Child support serves a valuable purpose. It allows the primary caregiver of a child to receive financial support necessary to provide for the child.
Texas child support law balances several factors when determining an amount of child support. Ideally, the amount should be one that is enough to meet the child’s needs but allows the parent paying the support to remain financially stable.
Over the course of your child’s life, your situation is likely to change at some point. The amount of child support can be modified if there is a change in your circumstances.
What is a change of circumstances?
Job loss, unexpected expenses, health issues or a loss of a household member are examples of events that can be considered a change in your circumstances, requiring a modification of your child support order.
There are several steps to complete if you want to modify your child support order. Your first step is to submit a request to modify your order. Your request should be filed through the court your child support order comes from.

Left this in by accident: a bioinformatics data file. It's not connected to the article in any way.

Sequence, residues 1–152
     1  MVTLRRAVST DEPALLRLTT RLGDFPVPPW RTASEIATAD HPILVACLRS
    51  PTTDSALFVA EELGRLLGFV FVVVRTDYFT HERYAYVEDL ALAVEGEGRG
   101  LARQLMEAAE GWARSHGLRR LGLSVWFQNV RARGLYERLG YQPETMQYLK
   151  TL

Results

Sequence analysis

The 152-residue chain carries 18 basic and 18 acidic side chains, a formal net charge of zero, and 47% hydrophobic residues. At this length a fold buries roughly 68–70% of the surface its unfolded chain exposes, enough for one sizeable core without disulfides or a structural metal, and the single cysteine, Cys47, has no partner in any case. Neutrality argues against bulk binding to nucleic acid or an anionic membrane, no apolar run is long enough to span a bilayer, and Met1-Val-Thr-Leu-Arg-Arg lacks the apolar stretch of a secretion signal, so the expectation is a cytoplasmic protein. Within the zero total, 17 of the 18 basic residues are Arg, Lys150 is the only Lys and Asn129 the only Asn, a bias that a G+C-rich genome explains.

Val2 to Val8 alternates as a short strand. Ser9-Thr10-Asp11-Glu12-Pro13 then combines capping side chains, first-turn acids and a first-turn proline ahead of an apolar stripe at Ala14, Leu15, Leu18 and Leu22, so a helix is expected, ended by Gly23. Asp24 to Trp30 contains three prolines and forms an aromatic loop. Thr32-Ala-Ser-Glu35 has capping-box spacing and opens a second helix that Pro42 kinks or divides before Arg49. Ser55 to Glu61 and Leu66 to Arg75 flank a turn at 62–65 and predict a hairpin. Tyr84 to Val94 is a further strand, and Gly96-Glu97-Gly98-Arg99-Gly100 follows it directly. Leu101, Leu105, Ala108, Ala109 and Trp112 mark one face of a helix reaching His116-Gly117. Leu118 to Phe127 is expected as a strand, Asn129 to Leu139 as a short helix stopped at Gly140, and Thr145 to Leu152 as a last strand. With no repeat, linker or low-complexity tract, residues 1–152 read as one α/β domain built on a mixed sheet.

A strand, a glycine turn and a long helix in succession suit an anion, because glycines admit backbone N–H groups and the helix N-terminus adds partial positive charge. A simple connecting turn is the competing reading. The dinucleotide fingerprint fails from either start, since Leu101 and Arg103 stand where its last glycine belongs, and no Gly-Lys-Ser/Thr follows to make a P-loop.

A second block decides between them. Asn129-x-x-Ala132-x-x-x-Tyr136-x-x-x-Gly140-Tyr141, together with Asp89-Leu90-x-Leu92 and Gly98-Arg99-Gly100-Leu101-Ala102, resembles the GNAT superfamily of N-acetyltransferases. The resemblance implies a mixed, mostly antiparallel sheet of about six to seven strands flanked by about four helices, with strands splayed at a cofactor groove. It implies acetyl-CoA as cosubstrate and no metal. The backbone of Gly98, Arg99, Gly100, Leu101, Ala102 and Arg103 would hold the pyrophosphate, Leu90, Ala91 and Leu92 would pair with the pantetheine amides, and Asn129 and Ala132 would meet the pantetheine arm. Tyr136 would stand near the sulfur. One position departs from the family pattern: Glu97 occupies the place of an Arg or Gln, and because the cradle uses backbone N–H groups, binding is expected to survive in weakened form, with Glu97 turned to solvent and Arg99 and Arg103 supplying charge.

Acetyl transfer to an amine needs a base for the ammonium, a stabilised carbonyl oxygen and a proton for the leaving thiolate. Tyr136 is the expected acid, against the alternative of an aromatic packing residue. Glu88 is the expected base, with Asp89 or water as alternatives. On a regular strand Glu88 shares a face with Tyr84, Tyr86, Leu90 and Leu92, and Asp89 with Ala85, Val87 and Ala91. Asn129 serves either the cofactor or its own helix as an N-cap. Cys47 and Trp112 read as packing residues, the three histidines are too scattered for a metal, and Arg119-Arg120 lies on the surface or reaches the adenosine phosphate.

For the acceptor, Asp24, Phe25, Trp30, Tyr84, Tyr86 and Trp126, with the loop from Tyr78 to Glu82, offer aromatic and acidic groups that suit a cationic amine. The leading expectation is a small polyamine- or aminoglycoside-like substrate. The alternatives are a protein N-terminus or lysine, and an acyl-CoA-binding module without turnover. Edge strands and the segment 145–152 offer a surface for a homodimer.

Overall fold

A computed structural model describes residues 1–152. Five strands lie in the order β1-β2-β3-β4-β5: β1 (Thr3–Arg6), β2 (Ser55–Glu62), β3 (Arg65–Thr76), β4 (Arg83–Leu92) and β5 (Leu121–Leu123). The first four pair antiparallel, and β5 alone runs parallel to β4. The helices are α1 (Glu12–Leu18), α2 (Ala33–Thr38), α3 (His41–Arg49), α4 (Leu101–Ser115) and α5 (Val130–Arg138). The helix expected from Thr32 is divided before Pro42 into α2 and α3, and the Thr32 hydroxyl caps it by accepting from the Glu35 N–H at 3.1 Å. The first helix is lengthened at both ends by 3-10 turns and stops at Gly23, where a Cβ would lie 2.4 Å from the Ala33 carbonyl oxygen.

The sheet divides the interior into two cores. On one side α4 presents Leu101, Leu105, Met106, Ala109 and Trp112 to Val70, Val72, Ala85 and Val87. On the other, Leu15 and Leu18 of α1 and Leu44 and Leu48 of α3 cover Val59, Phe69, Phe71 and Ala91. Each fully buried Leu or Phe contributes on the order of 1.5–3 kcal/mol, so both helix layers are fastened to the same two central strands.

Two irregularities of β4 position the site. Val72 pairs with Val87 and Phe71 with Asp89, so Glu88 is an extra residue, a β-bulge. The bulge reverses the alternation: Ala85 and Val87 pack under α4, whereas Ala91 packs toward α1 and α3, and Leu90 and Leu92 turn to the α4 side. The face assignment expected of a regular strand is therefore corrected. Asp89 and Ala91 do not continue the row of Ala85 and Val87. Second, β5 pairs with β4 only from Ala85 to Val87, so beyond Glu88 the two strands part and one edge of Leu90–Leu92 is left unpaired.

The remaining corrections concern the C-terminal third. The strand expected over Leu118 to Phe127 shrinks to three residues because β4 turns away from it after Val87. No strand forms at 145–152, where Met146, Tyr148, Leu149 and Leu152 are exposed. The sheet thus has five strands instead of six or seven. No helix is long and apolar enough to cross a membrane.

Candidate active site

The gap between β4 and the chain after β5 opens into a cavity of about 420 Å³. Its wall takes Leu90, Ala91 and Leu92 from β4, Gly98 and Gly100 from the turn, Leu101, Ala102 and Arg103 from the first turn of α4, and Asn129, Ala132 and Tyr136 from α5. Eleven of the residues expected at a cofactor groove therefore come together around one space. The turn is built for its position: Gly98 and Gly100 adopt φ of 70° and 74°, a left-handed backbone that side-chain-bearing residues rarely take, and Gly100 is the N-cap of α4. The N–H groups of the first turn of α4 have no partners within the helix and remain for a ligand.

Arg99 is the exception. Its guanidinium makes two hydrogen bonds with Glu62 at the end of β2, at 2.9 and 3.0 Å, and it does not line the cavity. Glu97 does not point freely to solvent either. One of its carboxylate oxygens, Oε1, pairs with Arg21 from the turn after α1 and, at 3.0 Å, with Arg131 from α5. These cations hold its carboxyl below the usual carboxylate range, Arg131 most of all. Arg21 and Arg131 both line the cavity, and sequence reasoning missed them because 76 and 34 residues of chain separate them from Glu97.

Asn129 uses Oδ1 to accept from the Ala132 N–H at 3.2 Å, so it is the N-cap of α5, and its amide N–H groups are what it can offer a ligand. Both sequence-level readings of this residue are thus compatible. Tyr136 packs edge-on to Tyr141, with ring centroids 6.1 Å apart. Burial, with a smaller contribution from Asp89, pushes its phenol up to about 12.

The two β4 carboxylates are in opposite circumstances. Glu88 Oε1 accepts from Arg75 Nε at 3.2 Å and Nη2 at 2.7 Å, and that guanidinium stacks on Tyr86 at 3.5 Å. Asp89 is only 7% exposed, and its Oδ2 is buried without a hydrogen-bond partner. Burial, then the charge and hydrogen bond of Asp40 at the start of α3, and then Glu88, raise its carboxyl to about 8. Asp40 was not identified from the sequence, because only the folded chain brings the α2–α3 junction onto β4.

The child support agency will contact you within the next 30 days. They will ask you to verify your current contact information and ask you questions about your income, as well as any health insurance coverage for your child.
Provide truthful information to the agency
You should cooperate with the child support agency. This will prevent delays in the process. The agency will conduct a thorough review based on the information that you provide to them.
They will also consider factors including any changes to your custody order, how long it has been since your order was last changed and any other major life events since your last order was put in place.
Next steps after an approval or denial
After reviewing the information and analyzing the factors, they will decide if your modification request should be approved. If it is not approved, you will receive a letter saying so.
You may challenge a denied modification request. Family law attorneys have knowledge of child support laws and can help with next steps.
Approved requests will be scheduled for an appointment or a court date. If the other parent agrees to the change, a new order will be entered at your appointment, but if they want to fight the modification, you might be headed to court.